Last year, I gave up work after 30 years with the same company to care for my late mother. After she passed away I had lots of free time. I enjoy walking and so I decided to join the Abingdon Health Walks. There I met Theresa from Mencap and within a few weeks I was volunteering on the walks. Since then I’ve become more and more involved.

I love walking around nature reserves, bird watching and looking at the wildlife there. I also enjoy crosswords, Sudoku puzzles and reading - usually “Chick Flick” type books!

What I do as a volunteer

Once a week I meet Jennifer at a local café and take her to the Abingdon Health Walks where we walk for an hour in a group of about 15. We chat as we walk - Jennifer is really interesting to talk to and has recently been teaching me to count to 10 in Latin. After the walk we have a coffee and I take her back to the bus.  

With Ian, who has MS, we have no set days, but it tends to be around once a week that we meet, when we want to. I may go with him on the bus for his therapy treatments, I may ‘walk’ with him into the local town so he can do some shopping, or go to the bank. This is weather permitting of course! Sometimes we just go out locally, as there are some lovely walks around where Ian lives. We both enjoy this, as I love to walk and Ian loves to be out in the fresh air. We have even been known to end up at the local pub!

At the monthly pub lunch, it is such a happy atmosphere. There are usually about 10 of us and everyone chats with each other, enjoying catching up with friends. As this is such a success, I am helping Keith - who I met on the Mencap Health Walks - to set up a monthly coffee and chat meeting in a local café. We’ve created flyers and are now getting the word out that our first meeting will be in June.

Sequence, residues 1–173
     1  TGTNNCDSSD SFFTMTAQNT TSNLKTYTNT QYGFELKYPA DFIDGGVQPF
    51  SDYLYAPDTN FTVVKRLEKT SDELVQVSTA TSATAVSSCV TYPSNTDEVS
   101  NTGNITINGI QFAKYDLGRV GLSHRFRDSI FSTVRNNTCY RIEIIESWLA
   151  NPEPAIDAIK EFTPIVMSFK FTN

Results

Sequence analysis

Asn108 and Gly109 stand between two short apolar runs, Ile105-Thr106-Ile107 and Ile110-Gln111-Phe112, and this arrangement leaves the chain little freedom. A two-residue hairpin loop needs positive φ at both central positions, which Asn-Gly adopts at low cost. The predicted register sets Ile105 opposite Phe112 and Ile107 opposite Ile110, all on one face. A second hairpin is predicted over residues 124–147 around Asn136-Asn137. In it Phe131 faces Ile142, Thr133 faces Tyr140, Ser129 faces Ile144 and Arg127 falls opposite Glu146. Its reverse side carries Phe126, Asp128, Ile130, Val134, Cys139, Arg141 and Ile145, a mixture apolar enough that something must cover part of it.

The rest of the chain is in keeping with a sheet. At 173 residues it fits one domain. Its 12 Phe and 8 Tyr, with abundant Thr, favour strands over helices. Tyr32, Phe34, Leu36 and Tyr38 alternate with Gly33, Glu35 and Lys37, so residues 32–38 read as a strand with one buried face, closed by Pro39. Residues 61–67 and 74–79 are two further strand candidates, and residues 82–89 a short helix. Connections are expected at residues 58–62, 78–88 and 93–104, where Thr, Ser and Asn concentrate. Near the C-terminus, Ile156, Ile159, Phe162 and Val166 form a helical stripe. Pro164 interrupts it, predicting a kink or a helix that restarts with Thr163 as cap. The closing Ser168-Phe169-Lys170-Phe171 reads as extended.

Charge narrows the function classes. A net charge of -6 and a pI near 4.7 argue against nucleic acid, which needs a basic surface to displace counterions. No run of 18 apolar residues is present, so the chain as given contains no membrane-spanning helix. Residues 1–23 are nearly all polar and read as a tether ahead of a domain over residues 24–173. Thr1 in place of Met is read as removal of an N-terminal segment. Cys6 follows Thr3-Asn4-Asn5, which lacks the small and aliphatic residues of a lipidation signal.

Mencap recently arranged for me to go on an afternoon course about Autism presented by Autistic people. This was really interesting and enlightening - I learnt so much and now understand their needs better.

Why I volunteer for Mencap

I had volunteered with adults with learning disabilities 20 years ago, and after meeting Theresa and those she was supporting on the walks, I felt I was able to help.

I enjoy helping others and seeing them happy, small things make all the difference. After time with them I feel I have done something worthwhile for others.

I always come home happy and look forward to the next time we meet. It’s lovely now to be out and about and have members come over to say hello. Great to be appreciated, but I feel I get back so much more from them than I give.

Volunteering has given me a purpose and a sense of being useful to others. Since I am no longer working, it keeps me busy and out of the house. I have met so many people, members, staff and volunteers. My family and friends have noticed a change in me, as I am a lot happier and I never stop talking about what we do.

The biggest challenge for me

The hardest thing for me was to overcome my shyness. I wasn’t too bad one-to-one, but with more people, I felt a bit overwhelmed. Now I enjoy the gatherings. Also getting accepted by everyone was a bit daunting for me, but this didn’t take long and we all get along great.

Thinking about volunteering?

Just do it! A small action from you can make such a difference to someone who needs support. You get so much joy from seeing people doing things they enjoy, knowing you have helped them achieve this. With volunteering you can do as much or as little time as you want to, and come home smiling knowing you have helped someone.

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